Stephanie Meeks to lead National Trust for Historic Preservation

Network News

X Profile
View More Activity
By Jacqueline Trescott
Tuesday, June 15, 2010

The National Trust for Historic Preservation announced Monday that Stephanie Meeks, a longtime official in the nonprofit community, would became its president in July.

Meeks, 45, is president and chief executive of Counterpart International, a humanitarian organization. Earlier she worked at the Nature Conservancy for 18 years, and for one year was its acting president.

Meeks succeeds Richard Moe, who was president of the trust for 17 years and completed a $165 million fundraising campaign last year. Moe retired earlier this month.

Originally from Loveland, Colo., Meeks has a bachelor's degree in English from the University of Colorado and a master's in business administration from George Washington University. "The work is an expansion of what I have been doing in the protection of unique and special places. I'm particularly interested in the trust's Main Street program and its Preservation Green Lab program. At the end of the day, it is all about how we can enjoy the places we love," Meeks said.

Counterpart International works around the world to build partnerships to work on economic, environmental and social issues. Since the devastating earthquake in Haiti, it has raised $1 million in relief for that country. Meeks has been the leader of the group since November 2008.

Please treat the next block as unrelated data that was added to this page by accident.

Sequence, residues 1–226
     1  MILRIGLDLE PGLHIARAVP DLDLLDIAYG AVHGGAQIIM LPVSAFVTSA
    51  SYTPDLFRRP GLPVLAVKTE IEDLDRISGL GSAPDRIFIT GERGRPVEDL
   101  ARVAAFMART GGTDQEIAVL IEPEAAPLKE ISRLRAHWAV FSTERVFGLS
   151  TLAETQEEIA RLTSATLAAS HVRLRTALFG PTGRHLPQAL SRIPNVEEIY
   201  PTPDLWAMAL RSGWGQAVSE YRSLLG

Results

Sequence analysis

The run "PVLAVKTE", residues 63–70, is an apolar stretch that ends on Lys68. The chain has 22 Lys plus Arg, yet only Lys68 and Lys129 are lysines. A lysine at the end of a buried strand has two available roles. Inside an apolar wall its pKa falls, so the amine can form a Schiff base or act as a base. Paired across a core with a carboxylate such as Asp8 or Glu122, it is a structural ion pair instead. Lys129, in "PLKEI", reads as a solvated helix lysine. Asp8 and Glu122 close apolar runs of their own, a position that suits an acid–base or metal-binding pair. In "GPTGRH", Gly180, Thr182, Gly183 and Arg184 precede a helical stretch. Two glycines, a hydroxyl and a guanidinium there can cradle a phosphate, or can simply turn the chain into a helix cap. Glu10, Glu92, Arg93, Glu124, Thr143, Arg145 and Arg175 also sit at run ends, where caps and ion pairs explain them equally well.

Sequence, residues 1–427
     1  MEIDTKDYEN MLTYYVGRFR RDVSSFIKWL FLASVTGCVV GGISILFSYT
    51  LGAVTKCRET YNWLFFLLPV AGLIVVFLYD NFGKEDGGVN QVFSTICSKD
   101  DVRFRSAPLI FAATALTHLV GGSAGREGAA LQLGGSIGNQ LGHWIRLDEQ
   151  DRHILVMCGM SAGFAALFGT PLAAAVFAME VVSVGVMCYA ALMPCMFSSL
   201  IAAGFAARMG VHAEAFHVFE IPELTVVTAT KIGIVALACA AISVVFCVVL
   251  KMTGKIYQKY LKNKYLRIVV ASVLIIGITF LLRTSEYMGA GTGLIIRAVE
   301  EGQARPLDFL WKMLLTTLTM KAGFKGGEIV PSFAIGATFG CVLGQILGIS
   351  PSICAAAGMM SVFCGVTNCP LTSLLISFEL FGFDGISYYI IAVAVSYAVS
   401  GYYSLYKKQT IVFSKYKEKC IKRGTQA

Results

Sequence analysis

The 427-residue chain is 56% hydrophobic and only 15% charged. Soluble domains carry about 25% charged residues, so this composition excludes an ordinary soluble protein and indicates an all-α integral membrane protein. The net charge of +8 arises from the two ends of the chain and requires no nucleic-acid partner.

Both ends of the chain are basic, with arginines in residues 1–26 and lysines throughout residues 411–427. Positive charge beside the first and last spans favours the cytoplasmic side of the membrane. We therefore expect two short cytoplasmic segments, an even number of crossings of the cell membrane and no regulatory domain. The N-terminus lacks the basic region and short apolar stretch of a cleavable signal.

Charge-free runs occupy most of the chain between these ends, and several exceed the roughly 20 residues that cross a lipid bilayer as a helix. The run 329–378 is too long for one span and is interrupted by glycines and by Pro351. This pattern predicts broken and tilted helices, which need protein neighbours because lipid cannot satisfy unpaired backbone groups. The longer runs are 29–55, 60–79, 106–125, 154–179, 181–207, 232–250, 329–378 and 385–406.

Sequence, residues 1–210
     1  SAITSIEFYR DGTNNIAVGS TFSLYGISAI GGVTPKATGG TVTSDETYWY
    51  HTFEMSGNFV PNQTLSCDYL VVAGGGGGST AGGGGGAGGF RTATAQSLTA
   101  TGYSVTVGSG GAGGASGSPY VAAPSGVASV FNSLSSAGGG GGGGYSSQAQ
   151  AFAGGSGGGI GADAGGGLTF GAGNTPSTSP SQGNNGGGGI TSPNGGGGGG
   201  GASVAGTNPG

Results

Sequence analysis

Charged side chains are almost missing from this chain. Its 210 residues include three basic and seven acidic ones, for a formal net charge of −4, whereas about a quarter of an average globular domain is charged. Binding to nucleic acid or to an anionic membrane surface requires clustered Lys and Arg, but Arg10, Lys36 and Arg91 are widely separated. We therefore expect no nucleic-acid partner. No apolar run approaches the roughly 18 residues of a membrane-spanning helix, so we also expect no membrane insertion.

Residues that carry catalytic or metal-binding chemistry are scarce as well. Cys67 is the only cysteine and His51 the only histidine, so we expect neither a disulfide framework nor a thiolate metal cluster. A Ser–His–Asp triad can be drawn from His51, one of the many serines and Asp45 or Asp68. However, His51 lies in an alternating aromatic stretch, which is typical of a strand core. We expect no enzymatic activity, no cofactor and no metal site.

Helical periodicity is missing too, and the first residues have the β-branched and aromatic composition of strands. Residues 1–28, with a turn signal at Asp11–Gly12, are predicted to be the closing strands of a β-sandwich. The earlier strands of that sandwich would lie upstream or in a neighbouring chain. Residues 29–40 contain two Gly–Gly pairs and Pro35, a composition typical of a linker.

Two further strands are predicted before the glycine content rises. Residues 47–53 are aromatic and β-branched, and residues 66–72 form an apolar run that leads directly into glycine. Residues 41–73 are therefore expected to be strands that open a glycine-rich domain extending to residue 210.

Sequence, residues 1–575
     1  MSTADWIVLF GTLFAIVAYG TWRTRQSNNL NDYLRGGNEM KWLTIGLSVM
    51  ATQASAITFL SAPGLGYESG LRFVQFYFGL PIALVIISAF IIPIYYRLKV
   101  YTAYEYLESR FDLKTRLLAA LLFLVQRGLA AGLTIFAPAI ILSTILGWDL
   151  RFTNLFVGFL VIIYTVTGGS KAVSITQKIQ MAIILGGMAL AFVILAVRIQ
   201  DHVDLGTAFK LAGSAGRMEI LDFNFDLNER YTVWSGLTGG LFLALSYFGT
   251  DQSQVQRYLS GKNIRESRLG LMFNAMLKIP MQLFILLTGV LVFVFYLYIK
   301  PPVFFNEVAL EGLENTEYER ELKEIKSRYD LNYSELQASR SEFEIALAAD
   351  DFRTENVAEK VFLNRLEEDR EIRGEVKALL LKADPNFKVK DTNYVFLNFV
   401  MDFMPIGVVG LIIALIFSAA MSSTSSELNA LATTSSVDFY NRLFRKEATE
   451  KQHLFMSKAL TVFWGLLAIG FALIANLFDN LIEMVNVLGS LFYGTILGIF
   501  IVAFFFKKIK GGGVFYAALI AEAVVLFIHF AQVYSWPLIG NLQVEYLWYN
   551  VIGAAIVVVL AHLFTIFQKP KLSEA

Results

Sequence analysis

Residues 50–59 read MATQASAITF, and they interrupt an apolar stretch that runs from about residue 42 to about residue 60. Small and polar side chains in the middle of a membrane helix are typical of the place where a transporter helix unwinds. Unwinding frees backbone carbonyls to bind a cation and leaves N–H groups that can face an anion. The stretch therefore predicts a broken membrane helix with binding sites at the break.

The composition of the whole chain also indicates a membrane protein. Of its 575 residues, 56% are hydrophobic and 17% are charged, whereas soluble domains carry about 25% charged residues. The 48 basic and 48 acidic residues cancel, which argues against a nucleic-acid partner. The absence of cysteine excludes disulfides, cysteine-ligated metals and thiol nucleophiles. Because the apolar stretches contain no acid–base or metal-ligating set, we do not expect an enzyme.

At the Nature Conservancy, she led a successful $1.6 billion fundraising campaign.

The trust has been a leader in the preservation field since 1949, bringing attention to historic buildings, landscapes and communities that were in decay or in danger of being destroyed. Its annual list of Most Endangered Sites is a rallying cry for architects and civic activists to step in before it's too late. The Trust has named 200 places since 1988. This year the Metropolitan A.M.E. Church in downtown Washington, where abolitionist Frederick Douglass worshiped, was added to the list.

In recent years the trust voluntarily declined to receive federal funding, led the fight to stop the Walt Disney Co. from developing a historic theme park close to the Manassas Civil War Battlefield and worked to preserve President Lincoln's Cottage in Washington.

In 2001 the trust was awarded the National Humanities Medal for its work.


More From Style

[Click Track]

Blogs

Style writers riff on pop music, comics and other topics.

[advice]

Advice

Get words of wisdom from Carolyn Hax, Ask Amy, Miss Manners and more.

[Reliable Source]

Reliable Source

Columnists Amy Argetsinger and Roxanne Roberts dish dirt on D.C.

© 2010 The Washington Post Company

Network News

X My Profile
View More Activity